The Ten Books on Architecture, 7.7.1

Vitruvius  Parallel editions

‹‹‹ Vitr. 7.6.1 | Table of Contents | Vitr. 7.7.2 ›››

Gwilt translation

7Some are found in certain places in a native state, and thence dug up, whilst others are composed of different substances, ground and mixed together, so as to answer the same purpose. First we shall explain the nature of that which is found native, called by the Greeks ὦχρα. This, as in Italy, is discovered in many places, but the best is the Attic sort, which cannot now be procured, for in working the silver mines at Athens, if by chance they fell upon a vein of ochre, they followed it up just as they would one of silver. Hence the ancients used abundance of ochre in their finishings.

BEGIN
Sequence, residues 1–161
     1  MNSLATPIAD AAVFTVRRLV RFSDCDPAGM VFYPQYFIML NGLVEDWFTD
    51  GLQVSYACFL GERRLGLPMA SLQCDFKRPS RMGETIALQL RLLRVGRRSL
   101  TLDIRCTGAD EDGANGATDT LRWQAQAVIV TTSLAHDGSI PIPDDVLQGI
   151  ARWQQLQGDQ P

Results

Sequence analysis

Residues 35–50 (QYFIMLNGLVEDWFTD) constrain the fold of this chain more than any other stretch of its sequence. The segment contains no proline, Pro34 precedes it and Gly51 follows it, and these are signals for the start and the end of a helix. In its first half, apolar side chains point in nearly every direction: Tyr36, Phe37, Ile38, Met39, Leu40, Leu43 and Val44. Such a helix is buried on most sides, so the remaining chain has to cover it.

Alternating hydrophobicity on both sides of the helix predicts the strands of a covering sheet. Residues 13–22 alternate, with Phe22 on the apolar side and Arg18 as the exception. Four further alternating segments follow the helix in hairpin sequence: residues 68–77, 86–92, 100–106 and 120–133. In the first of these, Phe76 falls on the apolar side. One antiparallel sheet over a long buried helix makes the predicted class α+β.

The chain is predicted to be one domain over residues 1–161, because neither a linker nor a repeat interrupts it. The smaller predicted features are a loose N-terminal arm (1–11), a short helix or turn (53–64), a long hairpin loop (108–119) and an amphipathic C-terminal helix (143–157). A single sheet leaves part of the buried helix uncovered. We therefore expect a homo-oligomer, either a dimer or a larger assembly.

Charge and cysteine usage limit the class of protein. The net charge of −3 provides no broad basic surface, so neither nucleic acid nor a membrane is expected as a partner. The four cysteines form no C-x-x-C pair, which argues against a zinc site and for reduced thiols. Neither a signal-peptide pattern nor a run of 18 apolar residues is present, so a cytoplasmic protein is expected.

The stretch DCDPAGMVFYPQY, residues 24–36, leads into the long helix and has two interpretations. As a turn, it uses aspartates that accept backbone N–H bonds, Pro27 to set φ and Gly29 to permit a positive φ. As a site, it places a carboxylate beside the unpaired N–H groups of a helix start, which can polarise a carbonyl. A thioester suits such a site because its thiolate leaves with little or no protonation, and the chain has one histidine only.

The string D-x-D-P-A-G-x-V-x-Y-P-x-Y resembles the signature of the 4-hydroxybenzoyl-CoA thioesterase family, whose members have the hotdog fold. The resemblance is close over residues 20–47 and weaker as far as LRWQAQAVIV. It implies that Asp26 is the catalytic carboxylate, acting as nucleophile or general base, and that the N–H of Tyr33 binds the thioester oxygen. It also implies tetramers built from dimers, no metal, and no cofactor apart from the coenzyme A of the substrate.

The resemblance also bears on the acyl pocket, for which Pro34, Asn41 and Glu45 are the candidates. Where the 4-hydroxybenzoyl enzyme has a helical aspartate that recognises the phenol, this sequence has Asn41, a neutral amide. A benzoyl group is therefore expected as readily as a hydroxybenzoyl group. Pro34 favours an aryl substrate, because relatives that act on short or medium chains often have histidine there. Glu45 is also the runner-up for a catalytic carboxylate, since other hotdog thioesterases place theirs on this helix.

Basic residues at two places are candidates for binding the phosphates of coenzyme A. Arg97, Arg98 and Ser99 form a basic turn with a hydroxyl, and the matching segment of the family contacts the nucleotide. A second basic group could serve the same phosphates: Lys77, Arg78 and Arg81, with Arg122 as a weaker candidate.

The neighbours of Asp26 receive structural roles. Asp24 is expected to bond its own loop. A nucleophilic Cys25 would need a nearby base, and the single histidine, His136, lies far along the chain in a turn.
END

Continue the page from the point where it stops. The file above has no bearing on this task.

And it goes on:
Morgan translation

7As for colours, some are natural products found in fixed places, and dug up there, while others are artificial compounds of different substances treated and mixed in proper proportions so as to be equally serviceable. We shall first set forth the natural colours that are dug up as such, like yellow ochre, which is termed ωχρα in Greek. This is found in many places, including Italy, but Attic, which was the best, is not now to be had because in the times when there were slaves in the Athenian silver mines, they would dig galleries underground in order to find the silver. Whenever a vein of ochre was found there, they would follow it up like silver, and so the ancients had a fine supply of it to use in the polished finishings of their stucco work.